PDA

View Full Version : What constitutes a good LOR



IntEcon80
09-13-2007, 02:49 AM
Ok,

I agree that LOR are very important. They can get you into a top program or they can keep you out the bottom programs as well. But, what makes a LOR stand out? Maybe I am wrong, but I would not be surprised if professors use generic letters. After all, professors write several LORs every year and after awhile, they may just decide to use the same wording with a few differences here and there. So, although important, I don't think that LORs are as crutial as many make them to seem. Don't get me wrong! LORs are very important, but I think GPA and GRE scores are still far more important.

asianeconomist
09-13-2007, 03:05 AM
I would disagree.

An LOR is typically the most important predictor of 'research acumen'. Your GRE/GPA can only indicate your academic preparation but not your research ability.

Also, a LOR really puts the academic performance in perspective for ex. he compares favorably with other students who have gone onto top xx programs.

In essence, it sketches out the person behind the application.

dyiwang
09-13-2007, 03:24 AM
My personal belief is that the most important reason that I arrived at my current program is due to my unjustifiably flattering recommendations from my undergrad mentors (two of which can be classified as "legends"). So yeah, they were definitely the most important thing in my profile. My mother often jokes (and rightfully so I think) about how a moron like me can get into such a nice program, to which I would always reply "it's my moronic luck mom, cuz I'm lucky enough to have great mentors who vouched for me."

And a good LOR should essentially say that you are a student with such talent that only comes along once every 5-10 years. The appearance of someone like you should be less frequent than a full solar eclipse...etc.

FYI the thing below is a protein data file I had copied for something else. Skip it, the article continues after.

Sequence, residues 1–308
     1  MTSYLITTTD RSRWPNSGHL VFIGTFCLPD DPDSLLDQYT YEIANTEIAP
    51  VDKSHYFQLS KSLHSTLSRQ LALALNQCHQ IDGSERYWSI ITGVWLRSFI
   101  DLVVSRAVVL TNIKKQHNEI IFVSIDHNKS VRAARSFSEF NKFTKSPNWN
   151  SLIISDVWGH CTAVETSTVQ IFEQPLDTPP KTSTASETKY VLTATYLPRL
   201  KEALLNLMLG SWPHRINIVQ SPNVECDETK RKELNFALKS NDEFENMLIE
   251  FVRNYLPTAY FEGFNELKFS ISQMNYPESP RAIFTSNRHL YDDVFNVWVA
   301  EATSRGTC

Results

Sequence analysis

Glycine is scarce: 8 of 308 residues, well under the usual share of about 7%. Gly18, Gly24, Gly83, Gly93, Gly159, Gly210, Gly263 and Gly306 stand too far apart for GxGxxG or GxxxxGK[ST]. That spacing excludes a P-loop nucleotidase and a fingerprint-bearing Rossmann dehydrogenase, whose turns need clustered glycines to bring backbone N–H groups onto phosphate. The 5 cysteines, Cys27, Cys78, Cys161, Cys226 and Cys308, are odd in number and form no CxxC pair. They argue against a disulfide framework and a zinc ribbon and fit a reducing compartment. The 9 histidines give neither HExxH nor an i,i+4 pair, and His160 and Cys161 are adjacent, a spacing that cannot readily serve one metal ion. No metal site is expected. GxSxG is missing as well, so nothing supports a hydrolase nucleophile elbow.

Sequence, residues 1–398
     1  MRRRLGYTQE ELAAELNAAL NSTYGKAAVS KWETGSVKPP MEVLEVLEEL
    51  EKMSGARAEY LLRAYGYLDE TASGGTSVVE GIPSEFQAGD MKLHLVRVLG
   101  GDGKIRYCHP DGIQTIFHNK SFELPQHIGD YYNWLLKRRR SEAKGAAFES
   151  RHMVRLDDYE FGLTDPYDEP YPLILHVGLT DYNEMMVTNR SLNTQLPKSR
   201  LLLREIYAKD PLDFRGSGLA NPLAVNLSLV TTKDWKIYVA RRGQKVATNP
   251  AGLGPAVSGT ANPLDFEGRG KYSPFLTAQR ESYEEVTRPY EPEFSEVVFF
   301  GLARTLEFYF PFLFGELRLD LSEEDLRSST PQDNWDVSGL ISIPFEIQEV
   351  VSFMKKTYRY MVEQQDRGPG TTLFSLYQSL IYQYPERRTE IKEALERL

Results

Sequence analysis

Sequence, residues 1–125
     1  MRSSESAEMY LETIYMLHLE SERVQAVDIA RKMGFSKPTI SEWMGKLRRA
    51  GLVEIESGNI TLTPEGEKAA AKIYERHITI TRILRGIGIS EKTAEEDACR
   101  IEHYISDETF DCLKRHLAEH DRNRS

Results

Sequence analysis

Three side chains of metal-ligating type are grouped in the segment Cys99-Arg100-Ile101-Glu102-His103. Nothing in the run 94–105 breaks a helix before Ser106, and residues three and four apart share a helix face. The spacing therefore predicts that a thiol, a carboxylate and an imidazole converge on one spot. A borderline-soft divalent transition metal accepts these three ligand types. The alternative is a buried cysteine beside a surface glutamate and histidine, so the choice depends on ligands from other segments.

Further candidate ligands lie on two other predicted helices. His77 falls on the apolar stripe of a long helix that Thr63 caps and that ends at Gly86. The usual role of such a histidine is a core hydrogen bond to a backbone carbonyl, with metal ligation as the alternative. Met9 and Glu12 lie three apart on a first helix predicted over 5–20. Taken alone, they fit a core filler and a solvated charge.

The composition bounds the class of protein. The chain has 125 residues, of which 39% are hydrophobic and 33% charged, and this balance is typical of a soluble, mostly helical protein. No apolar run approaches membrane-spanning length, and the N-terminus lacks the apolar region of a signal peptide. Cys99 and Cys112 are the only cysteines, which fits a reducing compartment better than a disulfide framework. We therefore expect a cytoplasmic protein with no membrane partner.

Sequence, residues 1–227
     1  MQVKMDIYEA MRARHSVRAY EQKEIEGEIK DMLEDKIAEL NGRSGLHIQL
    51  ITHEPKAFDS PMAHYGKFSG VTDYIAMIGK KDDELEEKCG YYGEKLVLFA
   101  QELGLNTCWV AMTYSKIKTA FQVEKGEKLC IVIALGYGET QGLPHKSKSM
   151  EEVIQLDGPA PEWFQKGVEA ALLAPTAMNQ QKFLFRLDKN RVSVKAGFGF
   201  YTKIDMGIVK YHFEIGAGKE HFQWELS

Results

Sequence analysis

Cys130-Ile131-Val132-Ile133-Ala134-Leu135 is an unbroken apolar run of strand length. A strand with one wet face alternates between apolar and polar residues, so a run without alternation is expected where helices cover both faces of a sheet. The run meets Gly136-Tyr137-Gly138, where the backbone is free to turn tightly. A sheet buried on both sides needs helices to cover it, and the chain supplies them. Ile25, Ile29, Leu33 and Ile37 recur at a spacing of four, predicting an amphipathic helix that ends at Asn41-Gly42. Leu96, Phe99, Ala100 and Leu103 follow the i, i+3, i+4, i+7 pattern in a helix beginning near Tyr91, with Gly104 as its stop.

IntEcon80
09-13-2007, 03:40 AM
I would disagree.

An LOR is typically the most important predictor of 'research acumen'. Your GRE/GPA can only indicate your academic preparation but not your research ability.

Also, a LOR really puts the academic performance in perspective for ex. he compares favorably with other students who have gone onto top xx programs.

In essence, it sketches out the person behind the application.

good point asianecon

IntEcon80
09-13-2007, 03:41 AM
My personal belief is that the most important reason that I arrived at my current program is due to my unjustifiably flattering recommendations from my undergrad mentors (two of which can be classified as "legends"). So yeah, they were definitely the most important thing in my profile. My mother often jokes (and rightfully so I think) about how a moron like me can get into such a nice program, to which I would always reply "it's my moronic luck mom, cuz I'm lucky enough to have great mentors who vouched for me."

And a good LOR should essentially say that you are a student with such talent that only comes along once every 5-10 years. The appearance of someone like you should be less frequent than a full solar eclipse...etc.

dyiwang,

You might think that you have the profile of a moron, but I am sure your GPA and GRE scores were competitive, not great but I am sure competitive enough.

italos
09-14-2007, 01:48 AM
I was told from an academic at Maryland that the first thing he looks at, after filtering with GRE, is the NAME who signs the letter .And only after then he reads it!He told me also that you may finish with one or no LOR if the referee is not know at the Department to be trusted! Iwill post in a different threat how UCLA ,Brown, Columbia and other top econ. Departments do selections!